February 20, 2024

2024 Project Descriptions for Rogers Program

Summer science research

Prerequisites must be completed by the end of spring semester 2024.

Please review application instructions and download the student application.


Diversity and function of phospholipase D venom toxins in spiders
Principal investigator: Greta Binford

Spiders in the brown recluse lineage have unique toxic enzymes (SicTox) in their venoms that target membrane phospholipids. This toxin gene family has evolved different phospholipid target specificities. We are comparing the effect on insects, cells, and neurons of SicTox variants that are expressed in venom and in non-venom tissues. Our goals are to understand what this enzyme does when it is not a venom toxin, what parts of the protein are responsible for differences in activity, and how specific activities affect natural targets. This work will develop skills in phylogenetic comparative analyses, bioinformatics, cell culture, molecular biology and bioassays.

Bio 110, 201, 202 required. Successful completion of Bio 311/312, Bio 390, Bio 361, Bio 407, Bio 408 will be helpful but is not required.

Investigating how cells construct their internal compartments
Principal investigator: Greg Hermann

Lysosome related organelles (LROs) are intracellular compartments that carry out key functions within specialized animal cells. While much is known regarding the functions of LROs, for example pigment synthesis by melanosomes and blood clotting by platelet dense granules, the mechanisms involved in their initial construction and the generation and maintenance of their morphology remain poorly understood. Defects in the formation and morphology of LROs underlie a number of human genetic diseases. We have discovered and are analyzing the function of genes involved in lipid metabolism that control the formation of LROs in the model organism, Caenorhabditis elegans, whose homologues function similarly in humans. Student investigations employ a combination of genetic, molecular, and microscopy based tools.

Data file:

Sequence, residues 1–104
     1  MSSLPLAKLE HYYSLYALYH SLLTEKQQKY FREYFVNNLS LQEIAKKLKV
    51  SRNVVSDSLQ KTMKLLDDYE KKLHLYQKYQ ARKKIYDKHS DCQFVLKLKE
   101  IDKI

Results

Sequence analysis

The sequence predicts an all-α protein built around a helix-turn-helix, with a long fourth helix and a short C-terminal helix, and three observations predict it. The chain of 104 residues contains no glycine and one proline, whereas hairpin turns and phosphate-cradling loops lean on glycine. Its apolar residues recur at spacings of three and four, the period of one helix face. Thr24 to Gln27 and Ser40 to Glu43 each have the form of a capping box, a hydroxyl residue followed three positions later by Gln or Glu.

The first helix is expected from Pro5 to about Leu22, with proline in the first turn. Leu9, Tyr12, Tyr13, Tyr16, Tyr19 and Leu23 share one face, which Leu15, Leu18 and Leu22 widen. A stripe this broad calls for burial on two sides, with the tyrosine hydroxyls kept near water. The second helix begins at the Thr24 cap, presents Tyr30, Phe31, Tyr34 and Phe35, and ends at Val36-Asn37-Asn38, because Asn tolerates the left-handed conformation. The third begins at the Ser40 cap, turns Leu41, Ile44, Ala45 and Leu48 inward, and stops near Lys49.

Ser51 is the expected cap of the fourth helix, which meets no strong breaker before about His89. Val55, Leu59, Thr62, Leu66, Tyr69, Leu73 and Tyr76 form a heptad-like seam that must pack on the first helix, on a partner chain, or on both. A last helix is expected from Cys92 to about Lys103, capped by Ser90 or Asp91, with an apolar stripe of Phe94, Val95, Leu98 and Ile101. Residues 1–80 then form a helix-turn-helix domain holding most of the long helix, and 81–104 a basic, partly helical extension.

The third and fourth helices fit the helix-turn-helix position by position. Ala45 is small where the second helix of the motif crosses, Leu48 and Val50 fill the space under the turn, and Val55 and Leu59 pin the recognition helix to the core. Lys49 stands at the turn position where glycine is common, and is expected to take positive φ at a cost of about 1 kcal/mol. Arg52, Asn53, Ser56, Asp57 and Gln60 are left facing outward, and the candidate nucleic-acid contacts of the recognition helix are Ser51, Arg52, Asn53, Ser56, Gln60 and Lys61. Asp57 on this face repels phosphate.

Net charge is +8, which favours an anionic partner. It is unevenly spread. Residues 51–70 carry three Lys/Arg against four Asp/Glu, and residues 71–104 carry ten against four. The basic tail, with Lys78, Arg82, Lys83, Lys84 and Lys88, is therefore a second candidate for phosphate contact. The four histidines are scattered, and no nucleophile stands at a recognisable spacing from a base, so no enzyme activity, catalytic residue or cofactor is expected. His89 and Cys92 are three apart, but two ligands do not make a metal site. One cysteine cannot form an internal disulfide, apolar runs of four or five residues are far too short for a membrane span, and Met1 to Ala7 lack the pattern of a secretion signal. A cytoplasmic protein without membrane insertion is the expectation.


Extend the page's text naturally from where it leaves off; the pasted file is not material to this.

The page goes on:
Required course: Bio202
Desired course or courses: Bio311/312, Bio361, or Bio369

Urban Insect Ecology: ecological interactions between native and non-native species in urban community gardens
Principal investigator: Heidi Liere

Despite the overall detrimental effects of urbanization to biodiversity, there is a growing recognition of the potential value urban green-spaces for biodiversity conservation, especially for small beneficial organisms like pollinators and insect natural enemies (i.e. predatory and parasitic insects that consume crop pests). Community gardens are diverse urban green spaces where numerous native and non-native species coexist. The main objective of this project is to investigate the factors that influence the competitive and non-competitive interactions between native and non-native ladybird beetles—important pest control agents in agricultural systems. This information could help provide garden management recommendations to enhance habitat for native beneficial species.

Required: BIO 110
Preferred: BIO 335
The project will last 6 weeks from mid-May till the end of June. Exact dates to be determined.

Transcriptional regulation of pluripotency in embryonic stem cells

Principal investigator: Sharon Torigoe